Employee wages and hours are important issues that must be addressed by all businesses. There are state and federal laws in place that govern workplace wages and hours.
But these laws have changed over time, and many business owners don’t fully understand them.
The laws define the regulation of employees and independent contractors, as well as exemption status and bonuses provided to employees. Understanding these laws ensures that your business complies with all regulations and avoids unwanted legal issues.
Employers must work to avoid common issues related to employee wages and hours.
Minimum wage violations occur when employers fail to provide the adequate level of pay within the accurate time period required by law.
Overtime and training wages must be applied according to the state and federal regulations while considering the exemption classifications of employees.
Other wage and hour issues consist of deductions made from tips or compensation paid in other goods such as meals.
Employees who work outside of their designated work hours must be paid accordingly. Otherwise, an employer may be found in violation of the law.
Wage and hour laws establish standards within a wide range of industries. Most regulations exist under the Fair Labor Standards Act (FLSA), which establishes the federal regulations for employers.
Employers must consider whether workers are employees or independent contractors. This is especially important as more businesses choose to utilize independent contractors in place of hiring employees.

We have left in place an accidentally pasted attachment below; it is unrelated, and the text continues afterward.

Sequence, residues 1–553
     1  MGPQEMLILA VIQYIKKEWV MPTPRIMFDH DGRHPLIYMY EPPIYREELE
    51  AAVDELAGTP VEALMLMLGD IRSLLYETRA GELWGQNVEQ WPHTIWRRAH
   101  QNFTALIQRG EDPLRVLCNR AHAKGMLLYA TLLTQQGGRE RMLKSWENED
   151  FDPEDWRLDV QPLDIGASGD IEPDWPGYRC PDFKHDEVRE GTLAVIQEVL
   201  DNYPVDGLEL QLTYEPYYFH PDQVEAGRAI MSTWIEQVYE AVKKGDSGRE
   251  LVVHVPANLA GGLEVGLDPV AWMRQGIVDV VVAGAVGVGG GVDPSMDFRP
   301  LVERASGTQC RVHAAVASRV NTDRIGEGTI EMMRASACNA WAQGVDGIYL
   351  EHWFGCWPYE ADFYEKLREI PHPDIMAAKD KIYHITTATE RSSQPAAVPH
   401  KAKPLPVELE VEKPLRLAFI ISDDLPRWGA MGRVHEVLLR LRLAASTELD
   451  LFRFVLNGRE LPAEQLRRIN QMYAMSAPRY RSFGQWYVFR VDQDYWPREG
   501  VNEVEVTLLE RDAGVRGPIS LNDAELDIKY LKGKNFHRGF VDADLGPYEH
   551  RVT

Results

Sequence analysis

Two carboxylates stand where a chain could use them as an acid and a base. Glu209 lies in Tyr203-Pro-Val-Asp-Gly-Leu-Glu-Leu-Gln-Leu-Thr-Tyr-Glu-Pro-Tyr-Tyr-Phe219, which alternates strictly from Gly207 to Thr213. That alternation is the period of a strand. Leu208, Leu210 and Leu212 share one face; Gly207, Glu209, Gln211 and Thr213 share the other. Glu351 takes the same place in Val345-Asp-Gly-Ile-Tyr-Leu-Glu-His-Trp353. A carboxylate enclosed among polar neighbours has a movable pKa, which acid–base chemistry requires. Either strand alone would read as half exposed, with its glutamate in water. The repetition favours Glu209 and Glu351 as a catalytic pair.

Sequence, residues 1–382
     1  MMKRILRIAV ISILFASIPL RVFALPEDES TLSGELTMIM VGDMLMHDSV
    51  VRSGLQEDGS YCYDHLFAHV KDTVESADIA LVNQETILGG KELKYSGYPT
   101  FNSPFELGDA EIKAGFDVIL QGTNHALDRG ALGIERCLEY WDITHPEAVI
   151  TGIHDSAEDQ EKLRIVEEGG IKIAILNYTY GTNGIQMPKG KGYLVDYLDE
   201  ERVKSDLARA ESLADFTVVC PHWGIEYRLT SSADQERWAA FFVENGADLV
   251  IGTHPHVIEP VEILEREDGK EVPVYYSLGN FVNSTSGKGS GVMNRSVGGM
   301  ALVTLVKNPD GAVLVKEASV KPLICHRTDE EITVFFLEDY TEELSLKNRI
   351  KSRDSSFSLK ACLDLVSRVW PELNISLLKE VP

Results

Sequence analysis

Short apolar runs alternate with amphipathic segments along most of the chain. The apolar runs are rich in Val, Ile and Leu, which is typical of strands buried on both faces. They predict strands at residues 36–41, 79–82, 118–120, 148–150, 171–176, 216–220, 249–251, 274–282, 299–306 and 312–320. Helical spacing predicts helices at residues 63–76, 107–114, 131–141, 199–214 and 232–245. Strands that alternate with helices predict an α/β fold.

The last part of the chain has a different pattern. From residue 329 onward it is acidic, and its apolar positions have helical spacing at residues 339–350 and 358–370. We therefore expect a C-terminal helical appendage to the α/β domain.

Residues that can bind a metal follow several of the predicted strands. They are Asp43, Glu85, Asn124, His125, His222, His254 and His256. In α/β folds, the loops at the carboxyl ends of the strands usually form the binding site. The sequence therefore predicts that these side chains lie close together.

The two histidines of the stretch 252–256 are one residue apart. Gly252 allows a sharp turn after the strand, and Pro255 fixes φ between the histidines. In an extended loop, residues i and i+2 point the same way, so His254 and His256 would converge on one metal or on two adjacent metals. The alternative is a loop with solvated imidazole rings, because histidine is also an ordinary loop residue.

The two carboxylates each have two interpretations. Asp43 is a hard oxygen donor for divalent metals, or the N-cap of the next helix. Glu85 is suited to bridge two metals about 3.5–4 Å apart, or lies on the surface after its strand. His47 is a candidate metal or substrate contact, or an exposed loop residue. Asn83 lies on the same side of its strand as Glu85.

The trend toward hiring independent contractors over employees has led to an increase in the potential for wage and hours violations because employers often fail to properly classify workers. When this happens, it is a costly mistake.
This classification is based on the established relationship between the business and its workers. Workers classified as employees are eligible to receive overtime pay along with unemployment and workers’ compensation benefits.
Proper classification of employees and independent contractors will also impact aspects such as tax withholdings and social security contributions.
Classifying employees as exempt or nonexempt is another important issue that businesses must address when attempting to comply with wage and hour law. The employer must first conduct the analysis to determine whether an employee can be considered exempt vs non-exempt.
The FLSA classifies some employees as being exempt from overtime requirements. These include individuals who are in administrative, executive and outside sales positions.
Employees who are considered nonexempt are fully entitled to receiving pay for overtime work.
Along with the type of work an employee provides, other factors such as the amount of pay and the means by which an employee is paid also determine their exemption classification.
Those employees who fall under the exempt classification earn a minimum of $23,600 each year and are compensated through a salary.
Wage and hour laws also relate to bonuses provided to employees. Generally, there are two types of bonus plans offered by employers; discretionary bonuses and production bonuses.
Production bonuses are those provided in exchange for the delivery of a specific measure of work units.
Discretionary bonuses are determined by the employer and given at the end of the designated time period.
Businesses often violate laws related to production bonuses by not including it in their evaluation of overtime pay.
In summation, workplace wage and hour laws are important for businesses to understand. Complying with the state and federal laws pertaining to these important aspects of the workplace ensures that businesses avoid costly and time-consuming penalties and litigation.
Classifying workers properly and providing overtime pay, bonuses, and other benefits in accordance with those classifications supports the long-term satisfaction of workers and the value they provide to your business.